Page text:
Wonder is the heart of everything that we do in the library. We get our start with inspiring our students with imaginative tales that get their minds working, but that quickly transitions to using their observational skills to ask questions about the world around them. To be the independent learners we want our students to be they need this desire to wonder.
Enter Wonderopolis, I first got my start with Wonderopolis when I was going through graduate school and heard about it from renowned Library/Media Specialist, Sue Kuwalski. Kuwalski was recently featured in Library Journal as a Mover and Shaker of 2016. I remember thinking at the time that once I had a library of my own that I would do everything I could to put wonder at the center of everything that I do.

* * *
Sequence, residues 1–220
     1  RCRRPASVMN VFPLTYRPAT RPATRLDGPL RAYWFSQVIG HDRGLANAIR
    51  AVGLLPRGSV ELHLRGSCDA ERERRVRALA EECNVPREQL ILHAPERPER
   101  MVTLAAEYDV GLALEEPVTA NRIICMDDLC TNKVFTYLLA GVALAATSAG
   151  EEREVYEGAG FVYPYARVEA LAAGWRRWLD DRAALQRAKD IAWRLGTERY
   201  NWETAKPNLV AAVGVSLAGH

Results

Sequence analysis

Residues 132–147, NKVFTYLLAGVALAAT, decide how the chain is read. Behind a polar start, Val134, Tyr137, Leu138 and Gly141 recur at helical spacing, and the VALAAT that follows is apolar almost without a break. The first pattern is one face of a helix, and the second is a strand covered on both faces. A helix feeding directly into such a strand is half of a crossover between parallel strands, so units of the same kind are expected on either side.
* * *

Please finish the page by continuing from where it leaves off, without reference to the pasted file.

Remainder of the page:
Fastforward to today, I now use wonder to inspire students to make connections with the curriculum in ways that they never had in the past. Wonderopolis is making the curriculum come to life for my students. The natural ability of students to ask a question makes the wonders of Wonderopolis so easy to use.
On a weekly basis students in grades 4-5 at McKinley-Brighton Elementary wonder about different topics. Most recently we were contemplating the question of whether or not leprechauns were real. If you were wondering, the majority of my students are optimistic but accept that leprechauns are unlikely.
Wonderopolis is such a natural fit for my classroom and now I wonder how others have come to use this valuable resource. Are you using wonder to inspire your students?